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How to tell when your child is ready for an overnight camp

Spending those first weeks away from home — sleeping in bunk beds and bonding over catchy camp songs — is a rite of passage for kids. At sleepaway camp, kids build self-confidence and independence, not to mention friendships that can last a lifetime. But how do you know if your child is ready for their first overnight camp experience?

According to the American Camp Association, a good rule of thumb is that a child is usually ready for overnight camp when he or she can spend one night away from home with a friend. The average age for a first trip to sleepaway camp is between 7 and 9 years old, but some kids may be ready sooner ­— or later — than that.

“Sleepaway camp is so child-specific,” says Maria Zimmitti, director of Georgetown Psychology Associates. “Some kids really want to go, other kids are more anxious about it.”

Child psychologists note that it’s normal for most kids to feel some anxiety, so that alone shouldn’t deter parents from sending their kid to camp.

If kids are especially nervous, “it’s important for parents to try to understand where the fears are coming from,” says Courtney Ferenz, a clinical psychologist at the Child and Family Counseling Group in Fairfax. “Don’t force them, but I would say encourage them.”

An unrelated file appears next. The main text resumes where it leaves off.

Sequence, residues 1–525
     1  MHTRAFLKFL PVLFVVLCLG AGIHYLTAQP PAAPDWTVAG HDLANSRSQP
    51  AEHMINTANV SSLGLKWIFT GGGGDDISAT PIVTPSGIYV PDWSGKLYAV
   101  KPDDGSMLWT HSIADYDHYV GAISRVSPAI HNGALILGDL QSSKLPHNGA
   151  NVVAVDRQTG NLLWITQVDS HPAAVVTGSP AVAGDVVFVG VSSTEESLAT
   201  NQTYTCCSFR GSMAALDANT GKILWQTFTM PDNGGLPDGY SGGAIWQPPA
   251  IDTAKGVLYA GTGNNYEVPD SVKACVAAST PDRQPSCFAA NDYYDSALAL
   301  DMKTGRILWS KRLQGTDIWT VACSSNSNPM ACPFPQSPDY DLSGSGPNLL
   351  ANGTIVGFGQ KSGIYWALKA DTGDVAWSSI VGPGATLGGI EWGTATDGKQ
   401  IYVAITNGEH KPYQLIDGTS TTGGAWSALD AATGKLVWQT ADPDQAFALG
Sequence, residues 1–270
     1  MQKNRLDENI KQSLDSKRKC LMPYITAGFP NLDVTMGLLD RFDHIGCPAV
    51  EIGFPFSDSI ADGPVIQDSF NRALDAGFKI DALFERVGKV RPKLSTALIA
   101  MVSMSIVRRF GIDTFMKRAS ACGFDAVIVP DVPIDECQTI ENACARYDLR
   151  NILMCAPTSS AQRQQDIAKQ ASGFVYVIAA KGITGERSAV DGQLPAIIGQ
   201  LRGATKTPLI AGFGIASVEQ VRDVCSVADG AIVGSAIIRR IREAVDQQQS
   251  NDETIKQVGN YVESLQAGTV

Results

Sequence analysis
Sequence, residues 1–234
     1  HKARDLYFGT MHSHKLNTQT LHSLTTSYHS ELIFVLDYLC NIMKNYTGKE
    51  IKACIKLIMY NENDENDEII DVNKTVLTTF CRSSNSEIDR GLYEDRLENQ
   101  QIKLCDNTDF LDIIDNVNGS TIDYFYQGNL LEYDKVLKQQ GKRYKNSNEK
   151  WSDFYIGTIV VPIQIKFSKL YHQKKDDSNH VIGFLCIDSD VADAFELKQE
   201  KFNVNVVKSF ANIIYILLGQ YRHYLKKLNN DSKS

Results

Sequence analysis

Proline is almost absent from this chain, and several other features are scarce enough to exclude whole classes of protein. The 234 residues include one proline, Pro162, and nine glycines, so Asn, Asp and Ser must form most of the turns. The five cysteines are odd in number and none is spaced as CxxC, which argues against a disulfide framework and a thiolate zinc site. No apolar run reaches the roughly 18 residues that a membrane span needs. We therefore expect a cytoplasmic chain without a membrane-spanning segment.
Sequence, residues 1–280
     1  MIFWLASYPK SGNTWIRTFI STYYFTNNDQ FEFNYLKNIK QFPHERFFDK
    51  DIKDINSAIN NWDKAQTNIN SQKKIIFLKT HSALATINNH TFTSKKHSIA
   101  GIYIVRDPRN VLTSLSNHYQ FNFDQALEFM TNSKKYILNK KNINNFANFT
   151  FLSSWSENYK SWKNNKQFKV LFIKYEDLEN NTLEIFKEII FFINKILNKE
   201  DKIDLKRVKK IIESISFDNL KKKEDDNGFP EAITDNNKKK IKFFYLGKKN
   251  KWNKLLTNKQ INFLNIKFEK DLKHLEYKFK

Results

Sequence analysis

Experts recommend starting small, say with a one- or two-week camp. Some camps even offer shorter chunks of time, such as half a week.

Zimmitti recommends working up to the week away by sending your child to stay with an aunt and uncle for a couple days, or with their grandparents. For especially reluctant kids, it may be helpful to send them to camp with a friend the first time, Ferenz adds.

The American Camp Association recommends involving children in preparations for camp — so they feel like they “own” the decision to go — and packing personal items from home, like a favorite stuffed animal.

One thing to avoid is pulling your child out of camp early, unless there’s a true emergency. “When you rescue a child from a situation, rather than helping them through it, you reinforce the avoidance,” Ferenz says. “Then the anxiety gets worse.”

Instead, try to have a phone conversation with your child to talk about why they want to come home, and enlist the camp counselors to help, too.

The first couple of days may be rough, Zimmitti says, but once they settle in and become comfortable, most kids can’t wait to go back the next year.